You can learn more about the Nanonets solution for automatic vehicle damage detection here
Drone Assessment for Roof Insurance
Roof inspection is dangerous and time-consuming work. Taking measurements by hand or estimating damage manually has always been a part of doing this kind of business. A new approach by using satellite, aerial drone imagery combined with a growing number of other data attributes like historical weather, to determine the characteristics and condition of a roof and the risk of future insurance claims. Computer vision technology can automatically detect roof shape, material, damage, ponding, and rust. Insurers can find the right coverages and pricing for their clients.
You can learn more about the Nanonets solution for roof damage assessment here
Mobile Screen Damage Inspection
Mobile phone insurance is essentially a type of insurance coverage that protects the mechanically damaged mobile phones. Companies selling mobile phone insurance deal with insurance claims with most cases being cracked screen or mobile damage. Automating the greater volume of the claims processing from the mobile phone will cut huge expenses. The main idea is to classify images of mobile phones into two categories. One representing that the mobile is damaged and other being without damage. By combining this approach with OCR for detecting phone serial number and extraction of other important data, claims can be further accelerated.
You can learn more about the Nanonets solution for automatic mobile damage detection here
Optical Character Recognition
Computer vision task for converting images with characters or scanned documents into machine-readable text. Insurance claims processing with OCR is one of the products that first comes to our mind. In essence, it is the process of automatically filling the forms and documents that have to be systematically processed and digitally stored.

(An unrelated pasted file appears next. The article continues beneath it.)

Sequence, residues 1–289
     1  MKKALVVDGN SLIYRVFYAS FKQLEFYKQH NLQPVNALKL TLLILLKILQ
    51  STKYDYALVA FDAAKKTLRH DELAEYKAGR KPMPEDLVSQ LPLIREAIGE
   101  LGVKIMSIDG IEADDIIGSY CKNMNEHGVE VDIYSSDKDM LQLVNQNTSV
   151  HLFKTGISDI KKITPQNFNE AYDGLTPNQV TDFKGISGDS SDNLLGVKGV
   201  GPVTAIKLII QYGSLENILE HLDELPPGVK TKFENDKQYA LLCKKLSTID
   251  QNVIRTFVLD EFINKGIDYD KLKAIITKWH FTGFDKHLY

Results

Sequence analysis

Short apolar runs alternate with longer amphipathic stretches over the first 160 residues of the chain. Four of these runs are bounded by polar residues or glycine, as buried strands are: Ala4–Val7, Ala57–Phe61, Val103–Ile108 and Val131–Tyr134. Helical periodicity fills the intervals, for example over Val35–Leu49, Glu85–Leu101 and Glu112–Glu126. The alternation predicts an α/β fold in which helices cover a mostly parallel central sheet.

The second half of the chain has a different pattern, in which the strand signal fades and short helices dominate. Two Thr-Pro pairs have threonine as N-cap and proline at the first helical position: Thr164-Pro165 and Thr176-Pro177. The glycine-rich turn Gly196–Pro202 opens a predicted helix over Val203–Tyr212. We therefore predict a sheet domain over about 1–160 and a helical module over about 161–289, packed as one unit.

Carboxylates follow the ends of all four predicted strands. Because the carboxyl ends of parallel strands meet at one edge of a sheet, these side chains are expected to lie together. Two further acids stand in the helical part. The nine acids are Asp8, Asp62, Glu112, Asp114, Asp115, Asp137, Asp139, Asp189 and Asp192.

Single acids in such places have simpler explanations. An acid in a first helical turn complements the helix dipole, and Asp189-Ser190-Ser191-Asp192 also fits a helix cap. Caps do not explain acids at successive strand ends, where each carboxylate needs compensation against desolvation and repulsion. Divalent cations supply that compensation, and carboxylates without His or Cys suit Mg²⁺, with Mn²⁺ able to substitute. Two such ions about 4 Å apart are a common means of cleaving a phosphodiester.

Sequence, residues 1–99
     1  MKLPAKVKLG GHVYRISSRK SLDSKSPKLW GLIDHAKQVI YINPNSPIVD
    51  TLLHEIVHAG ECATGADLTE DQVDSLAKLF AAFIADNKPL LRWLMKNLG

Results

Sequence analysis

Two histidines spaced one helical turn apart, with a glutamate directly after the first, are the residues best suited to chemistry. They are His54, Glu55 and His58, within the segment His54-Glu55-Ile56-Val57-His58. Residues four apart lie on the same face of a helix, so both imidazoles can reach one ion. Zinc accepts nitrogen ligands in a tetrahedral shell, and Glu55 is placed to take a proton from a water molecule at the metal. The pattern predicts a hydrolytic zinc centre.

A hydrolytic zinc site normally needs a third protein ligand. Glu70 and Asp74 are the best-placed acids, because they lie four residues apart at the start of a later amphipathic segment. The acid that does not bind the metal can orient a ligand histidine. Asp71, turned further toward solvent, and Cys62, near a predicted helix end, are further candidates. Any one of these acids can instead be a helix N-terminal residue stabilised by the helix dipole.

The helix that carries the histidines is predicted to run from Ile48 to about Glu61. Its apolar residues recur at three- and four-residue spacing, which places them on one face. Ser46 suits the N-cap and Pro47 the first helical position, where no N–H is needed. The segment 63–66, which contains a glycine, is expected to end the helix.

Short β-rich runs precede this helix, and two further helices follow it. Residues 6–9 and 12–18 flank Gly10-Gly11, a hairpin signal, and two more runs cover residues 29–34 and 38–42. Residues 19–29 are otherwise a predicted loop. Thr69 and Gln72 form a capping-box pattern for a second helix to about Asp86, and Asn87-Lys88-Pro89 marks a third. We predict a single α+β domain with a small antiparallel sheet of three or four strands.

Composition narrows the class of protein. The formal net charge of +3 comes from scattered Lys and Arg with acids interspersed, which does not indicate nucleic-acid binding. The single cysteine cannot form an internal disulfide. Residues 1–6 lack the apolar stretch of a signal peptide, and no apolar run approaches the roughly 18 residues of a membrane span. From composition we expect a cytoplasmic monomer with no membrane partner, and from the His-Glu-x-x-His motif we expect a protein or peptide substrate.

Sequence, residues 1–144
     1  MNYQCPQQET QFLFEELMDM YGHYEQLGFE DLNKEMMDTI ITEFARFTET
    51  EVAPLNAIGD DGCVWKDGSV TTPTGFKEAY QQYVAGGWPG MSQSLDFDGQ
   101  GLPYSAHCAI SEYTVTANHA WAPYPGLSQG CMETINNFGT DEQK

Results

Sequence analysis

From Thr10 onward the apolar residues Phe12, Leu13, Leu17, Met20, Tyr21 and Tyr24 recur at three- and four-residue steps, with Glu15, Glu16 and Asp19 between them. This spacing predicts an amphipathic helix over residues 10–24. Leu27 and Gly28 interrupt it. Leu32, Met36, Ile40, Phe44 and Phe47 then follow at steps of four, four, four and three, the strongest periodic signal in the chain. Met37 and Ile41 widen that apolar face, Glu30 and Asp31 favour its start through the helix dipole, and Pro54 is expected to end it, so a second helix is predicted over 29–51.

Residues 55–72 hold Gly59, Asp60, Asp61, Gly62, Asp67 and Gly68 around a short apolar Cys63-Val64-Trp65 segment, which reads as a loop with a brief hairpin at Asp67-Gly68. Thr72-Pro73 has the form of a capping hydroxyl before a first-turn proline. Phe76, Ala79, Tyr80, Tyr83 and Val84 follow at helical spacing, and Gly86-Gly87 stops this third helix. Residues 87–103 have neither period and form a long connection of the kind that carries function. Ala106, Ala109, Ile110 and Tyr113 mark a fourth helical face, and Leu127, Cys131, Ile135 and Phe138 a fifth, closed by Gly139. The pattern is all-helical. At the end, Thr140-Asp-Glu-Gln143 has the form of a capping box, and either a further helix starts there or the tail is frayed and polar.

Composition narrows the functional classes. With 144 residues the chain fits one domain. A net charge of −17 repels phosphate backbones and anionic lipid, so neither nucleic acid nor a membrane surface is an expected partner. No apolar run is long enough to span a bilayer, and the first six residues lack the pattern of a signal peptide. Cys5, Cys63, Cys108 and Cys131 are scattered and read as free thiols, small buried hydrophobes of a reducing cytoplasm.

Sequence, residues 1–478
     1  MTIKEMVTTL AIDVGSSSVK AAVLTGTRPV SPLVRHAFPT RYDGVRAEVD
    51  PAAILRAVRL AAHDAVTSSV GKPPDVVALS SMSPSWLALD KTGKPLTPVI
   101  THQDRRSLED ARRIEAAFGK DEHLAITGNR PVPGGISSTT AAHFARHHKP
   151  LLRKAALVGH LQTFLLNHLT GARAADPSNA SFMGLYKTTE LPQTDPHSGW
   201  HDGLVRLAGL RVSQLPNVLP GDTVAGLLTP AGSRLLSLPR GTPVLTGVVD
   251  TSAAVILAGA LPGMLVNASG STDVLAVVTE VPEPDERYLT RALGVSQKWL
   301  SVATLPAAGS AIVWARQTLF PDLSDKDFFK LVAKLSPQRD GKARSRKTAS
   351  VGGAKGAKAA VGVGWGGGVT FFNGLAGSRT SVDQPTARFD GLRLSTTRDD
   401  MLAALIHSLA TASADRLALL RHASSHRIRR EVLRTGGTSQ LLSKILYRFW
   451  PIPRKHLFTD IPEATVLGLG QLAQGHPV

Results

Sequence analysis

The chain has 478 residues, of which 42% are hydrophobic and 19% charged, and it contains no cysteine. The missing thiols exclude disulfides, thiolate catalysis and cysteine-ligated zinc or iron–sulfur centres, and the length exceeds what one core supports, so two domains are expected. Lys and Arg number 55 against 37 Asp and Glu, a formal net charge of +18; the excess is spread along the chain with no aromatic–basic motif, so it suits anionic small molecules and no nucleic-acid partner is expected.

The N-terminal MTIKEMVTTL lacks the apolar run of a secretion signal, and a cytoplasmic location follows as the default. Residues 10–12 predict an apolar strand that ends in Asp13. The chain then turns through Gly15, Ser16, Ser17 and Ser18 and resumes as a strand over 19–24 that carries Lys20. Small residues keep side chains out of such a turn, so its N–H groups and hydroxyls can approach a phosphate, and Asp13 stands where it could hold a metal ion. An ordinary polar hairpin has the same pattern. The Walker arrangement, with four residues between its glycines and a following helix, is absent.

You can learn more about the Nanonets solution for form digitization using OCR here
Available tools and services
Here is a short overview of the most popular tools and services that can be used for vehicle damage inspection.
Amazon Rekognition makes it easy to add image and video analysis to your applications. It requires no deep learning expertise to use. Rekognition is based on highly scalable, deep learning technology developed by Amazon's computer vision scientists. Amazon platform offers detection and recognition for objects, events or activities. It is mostly used with face detection, recognition, and identification. Rekognition does not have a model for damage inspection but AWS Marketplace offers several curated third-party software and services that customers need to build solutions and run their businesses. There is no easy solution for creating an image classification model for our specific use-case.